Dec. 19, 2001 Leptin, a protein secreted by fat cells, may be an independent risk factor for heart disease in humans, according to an article today in Circulation: Journal of the American Heart Association. Leptin has been the subject of intense scrutiny since the early 1990s following its discovery. The protein, when given to mice who were genetically predisposed to obesity, caused weight loss by regulating appetite. However, early hopes that leptin could do the same for overweight humans have been dashed, says study author Naveed Sattar, M.D., Ph.D. Overweight and obese people seem to have some sort of resistance to leptin, he explains.
“This is the first evidence that leptin may be an independent risk factor for the development of coronary heart disease,” says Sattar, senior lecturer in endocrinology and metabolism and an honorary consultant in clinical biochemistry at Glasgow Royal Infirmary in Scotland. “Leptin appears to be as strong a predictor as some well-recognized risk factors such as high systolic blood pressure or low levels of high-density lipoprotein (HDL) cholesterol.”
He cautions that these results must be confirmed by other studies before recommending routine leptin testing.
“Leptin is such a brilliant blood marker for body fat for people at any weight and it is not difficult to measure,” he says.
Sattar’s study used frozen blood samples from the 1989 landmark West of Scotland Coronary Prevention Study (WOSCOPS), a prospective trial that showed that pravastatin, a cholesterol-lowering statin drug, could prevent coronary disease in people with no previous history of it. The current research compared 377 men from the original study who had heart attacks or procedures to open clogged arteries during five years of follow-up and 783 controls who remained free of heart disease events. The controls were matched to cases on the basis of age and smoking history.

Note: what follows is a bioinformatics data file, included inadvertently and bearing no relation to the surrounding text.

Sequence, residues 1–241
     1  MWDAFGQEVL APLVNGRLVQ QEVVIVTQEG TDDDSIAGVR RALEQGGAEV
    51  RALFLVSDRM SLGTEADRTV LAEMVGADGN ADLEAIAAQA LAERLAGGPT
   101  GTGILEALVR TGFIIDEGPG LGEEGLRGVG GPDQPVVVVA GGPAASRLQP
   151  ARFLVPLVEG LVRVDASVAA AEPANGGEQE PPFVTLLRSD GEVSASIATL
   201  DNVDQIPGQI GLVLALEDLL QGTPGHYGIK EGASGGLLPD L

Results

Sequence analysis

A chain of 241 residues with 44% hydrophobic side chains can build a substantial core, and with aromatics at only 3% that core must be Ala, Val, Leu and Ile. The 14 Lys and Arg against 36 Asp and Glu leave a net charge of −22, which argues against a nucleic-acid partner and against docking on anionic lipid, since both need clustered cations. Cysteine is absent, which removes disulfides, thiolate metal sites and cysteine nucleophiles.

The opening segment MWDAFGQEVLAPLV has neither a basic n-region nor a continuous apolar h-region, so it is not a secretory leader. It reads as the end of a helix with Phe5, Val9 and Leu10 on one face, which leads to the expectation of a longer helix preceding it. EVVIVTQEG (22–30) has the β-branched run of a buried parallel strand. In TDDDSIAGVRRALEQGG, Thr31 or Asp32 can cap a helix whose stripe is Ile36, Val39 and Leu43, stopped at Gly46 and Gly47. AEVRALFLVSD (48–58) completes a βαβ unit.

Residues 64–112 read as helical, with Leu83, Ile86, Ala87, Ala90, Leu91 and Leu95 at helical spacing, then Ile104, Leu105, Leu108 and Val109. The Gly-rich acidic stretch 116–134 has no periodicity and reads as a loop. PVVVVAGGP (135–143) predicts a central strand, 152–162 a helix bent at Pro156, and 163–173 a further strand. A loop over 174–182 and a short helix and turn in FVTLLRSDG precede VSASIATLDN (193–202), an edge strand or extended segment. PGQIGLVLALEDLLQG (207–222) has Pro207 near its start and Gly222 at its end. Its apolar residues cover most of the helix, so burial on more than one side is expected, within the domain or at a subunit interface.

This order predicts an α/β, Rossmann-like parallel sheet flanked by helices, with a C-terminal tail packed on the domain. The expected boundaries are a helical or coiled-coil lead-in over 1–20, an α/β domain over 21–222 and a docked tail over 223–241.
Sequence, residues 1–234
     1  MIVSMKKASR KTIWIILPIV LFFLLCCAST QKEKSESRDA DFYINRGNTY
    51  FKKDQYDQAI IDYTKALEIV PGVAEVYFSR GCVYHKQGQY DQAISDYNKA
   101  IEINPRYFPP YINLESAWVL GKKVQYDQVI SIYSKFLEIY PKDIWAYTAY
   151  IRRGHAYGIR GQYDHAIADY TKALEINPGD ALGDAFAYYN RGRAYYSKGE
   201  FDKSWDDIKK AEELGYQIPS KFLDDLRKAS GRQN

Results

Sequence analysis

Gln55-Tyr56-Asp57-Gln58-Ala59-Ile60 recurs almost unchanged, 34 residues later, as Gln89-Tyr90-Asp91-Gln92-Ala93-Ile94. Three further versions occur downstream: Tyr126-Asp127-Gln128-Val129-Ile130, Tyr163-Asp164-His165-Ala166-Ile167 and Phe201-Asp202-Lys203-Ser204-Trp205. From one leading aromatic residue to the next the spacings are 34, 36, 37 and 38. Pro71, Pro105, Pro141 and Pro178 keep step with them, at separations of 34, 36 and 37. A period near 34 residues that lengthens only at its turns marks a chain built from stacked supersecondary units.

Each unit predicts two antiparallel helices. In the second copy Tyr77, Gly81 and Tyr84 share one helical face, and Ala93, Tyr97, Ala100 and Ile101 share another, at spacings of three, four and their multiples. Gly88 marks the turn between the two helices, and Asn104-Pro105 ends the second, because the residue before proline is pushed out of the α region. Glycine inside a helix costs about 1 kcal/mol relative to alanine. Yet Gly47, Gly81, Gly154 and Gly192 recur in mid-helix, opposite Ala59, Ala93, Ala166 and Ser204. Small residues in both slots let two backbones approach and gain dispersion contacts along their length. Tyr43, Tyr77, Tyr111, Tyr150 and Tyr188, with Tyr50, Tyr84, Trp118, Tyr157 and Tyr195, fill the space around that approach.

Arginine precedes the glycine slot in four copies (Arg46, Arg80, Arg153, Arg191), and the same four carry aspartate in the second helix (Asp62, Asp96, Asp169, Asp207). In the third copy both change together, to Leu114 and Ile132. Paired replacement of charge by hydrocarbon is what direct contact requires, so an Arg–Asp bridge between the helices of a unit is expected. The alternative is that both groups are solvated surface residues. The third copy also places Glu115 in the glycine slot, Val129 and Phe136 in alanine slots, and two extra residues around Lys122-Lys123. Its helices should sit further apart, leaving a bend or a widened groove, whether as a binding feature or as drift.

The researchers found that leptin levels in the men with heart disease were 16 percent higher than in controls. When they looked at risk of cardiovascular events, Sattar’s team found a 25 percent increased risk for every 30 percent rise in leptin levels, an amount identified in the article as one standard deviation.
The researchers report that leptin remained a risk factor independent of body mass index (BMI), a commonly used way to determine if someone is overweight (BMI of 25 or higher) or obese (BMI of 30 or greater). In addition, leptin levels increased along with levels of C-reactive protein (CRP) – a marker for inflammation in the body that is strongly associated with the development of heart disease. However, when the two proteins were studied together, leptin was still a significant marker for heart disease.
Regarding the BMI findings, he explains that leptin is a better indication of fat mass, since people can have the same body mass index but have different amounts of fat in their bodies. The finding that leptin, a fat protein, is linked to heart disease risk independently from CRP, an inflammation marker, strongly suggests that fat may be important in heart disease risk, says Sattar.
“Leptin may give important information about the development of heart and blood vessel disease,” he says. “Perhaps because it is a good indicator of the amount of body fat a person has or an independent correlate of insulin resistance, since both leptin and CRP levels increase along with that condition.” Insulin resistance is a condition in which the body makes adequate amounts of insulin but the cells are resistant to using it efficiently.
“Our findings could also point toward some new way in which fat tissue promotes cardiovascular disease,” he says. Sattar notes that regular exercise can have immediate effects on leptin levels because it reduces the body’s fat content, even in the absence of weight loss.
Co-authors include: A. Michael Wallace, Ph.D.; Alex D. McMahon, Ph.D.; Chris J. Packard, D.Sc.; Anne Kelly, MIBiol; James Shepherd, Ph.D.; and Allan Gaw, M.D.
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